liability, nor does it protect all information used for
internal quality control purposes. Belbachir, 2007
WL 2128341, at *5 (citing Webb v. Mount Sinai Hosp. &
Med. Ctr. of Chicago, Inc., 347 Ill.App.3d 817, 825
(2004)). In fact, Plaintiff cites many compelling cases where
courts have found the Illinois Medical Studies Act privilege
(or a similar state law medical privilege) inapplicable and
ordered production of information related to post-death
investigations. See e.g., Belbachir, 2007
WL 2128341; Agster v. Maricopa Cnty., 422 F.3d 836
(9th Cir. 2005); Virmani v. Novant Health Inc., 259
F.3d 284 (4th Cir. 2001); Lewis v. Henry Cnty., 2006
WL 1843336 (S.D. Ind. June 29, 2006); Weiss v.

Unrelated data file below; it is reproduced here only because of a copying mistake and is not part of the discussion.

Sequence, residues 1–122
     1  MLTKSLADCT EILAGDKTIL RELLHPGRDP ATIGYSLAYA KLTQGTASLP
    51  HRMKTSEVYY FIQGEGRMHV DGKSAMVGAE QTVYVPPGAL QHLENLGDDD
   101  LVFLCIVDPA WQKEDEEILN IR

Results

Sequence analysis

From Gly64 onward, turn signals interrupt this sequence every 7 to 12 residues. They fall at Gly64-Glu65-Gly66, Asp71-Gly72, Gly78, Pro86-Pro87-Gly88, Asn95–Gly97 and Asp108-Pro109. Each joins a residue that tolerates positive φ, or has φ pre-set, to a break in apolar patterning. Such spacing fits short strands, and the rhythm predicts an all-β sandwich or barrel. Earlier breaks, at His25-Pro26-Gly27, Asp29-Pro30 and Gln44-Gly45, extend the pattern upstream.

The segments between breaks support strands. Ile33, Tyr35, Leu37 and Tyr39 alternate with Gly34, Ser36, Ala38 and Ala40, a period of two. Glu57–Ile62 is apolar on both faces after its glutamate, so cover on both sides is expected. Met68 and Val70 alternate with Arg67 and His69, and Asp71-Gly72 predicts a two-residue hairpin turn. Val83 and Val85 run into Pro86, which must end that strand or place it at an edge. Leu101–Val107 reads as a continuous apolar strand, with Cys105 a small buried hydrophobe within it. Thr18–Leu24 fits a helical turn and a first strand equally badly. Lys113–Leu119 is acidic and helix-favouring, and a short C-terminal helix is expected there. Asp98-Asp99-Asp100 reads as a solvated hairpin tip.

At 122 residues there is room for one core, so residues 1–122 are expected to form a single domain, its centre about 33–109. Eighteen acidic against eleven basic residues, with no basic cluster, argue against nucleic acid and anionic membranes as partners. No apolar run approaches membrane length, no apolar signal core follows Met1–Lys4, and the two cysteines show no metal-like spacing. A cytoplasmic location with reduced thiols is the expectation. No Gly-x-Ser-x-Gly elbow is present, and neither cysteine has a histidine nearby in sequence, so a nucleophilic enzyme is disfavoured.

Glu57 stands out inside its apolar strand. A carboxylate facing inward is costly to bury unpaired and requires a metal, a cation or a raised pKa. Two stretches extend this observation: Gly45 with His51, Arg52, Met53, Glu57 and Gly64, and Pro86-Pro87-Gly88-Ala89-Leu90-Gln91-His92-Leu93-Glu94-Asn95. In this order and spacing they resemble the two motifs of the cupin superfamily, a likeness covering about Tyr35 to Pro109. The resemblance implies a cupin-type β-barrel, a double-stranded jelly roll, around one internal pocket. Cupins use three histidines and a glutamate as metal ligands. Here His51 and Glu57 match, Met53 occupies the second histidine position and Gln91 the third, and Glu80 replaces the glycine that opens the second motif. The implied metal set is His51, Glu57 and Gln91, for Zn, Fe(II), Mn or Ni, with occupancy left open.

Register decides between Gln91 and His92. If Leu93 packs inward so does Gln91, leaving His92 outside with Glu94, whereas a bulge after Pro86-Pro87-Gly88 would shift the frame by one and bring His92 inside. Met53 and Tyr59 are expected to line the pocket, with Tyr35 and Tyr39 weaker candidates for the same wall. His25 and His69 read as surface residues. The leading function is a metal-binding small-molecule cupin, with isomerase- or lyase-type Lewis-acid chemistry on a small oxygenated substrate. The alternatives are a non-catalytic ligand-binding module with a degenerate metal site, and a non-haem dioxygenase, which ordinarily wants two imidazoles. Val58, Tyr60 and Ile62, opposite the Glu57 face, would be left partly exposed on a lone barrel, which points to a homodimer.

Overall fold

Chester Cnty., 231 F.R.D. 202 (E.D. Pa. 2005);
Leon v. San Diego Cnty., 202 F.R.D. 631 (S.D. Ca.
the Court is persuaded by Plaintiff's argument that
unique considerations dramatically weaken the case for
recognizing the privilege in a post-death investigation
ordered by a jail. See Jenkins v. DeKalb Cnty,
Georgia, 242 F.R.D. 652, 660 (N.D.Ga. 2007).
“Whereas in the ordinary hospital it may be that the
first object of all involved in patient care is the welfare
of the patient, in the prison context the safety and
efficiency of the prison may operate as goals affecting the
care offered.” Agster, 422 F.3d at 839.
Therefore, “[a] review of a deceased inmate is not the
straightforward evaluation of medical care that occurs in the
civilian context.” Jenkins, 242 F.R.D. at 660.
Compared to a civilian mortality review, a mortality review
of a deceased inmate is likely to contain far more
“nonmedical” information such as whether and when
jail officials notified medical officials of a particular
problem, whether there was a reason for nonmedical officials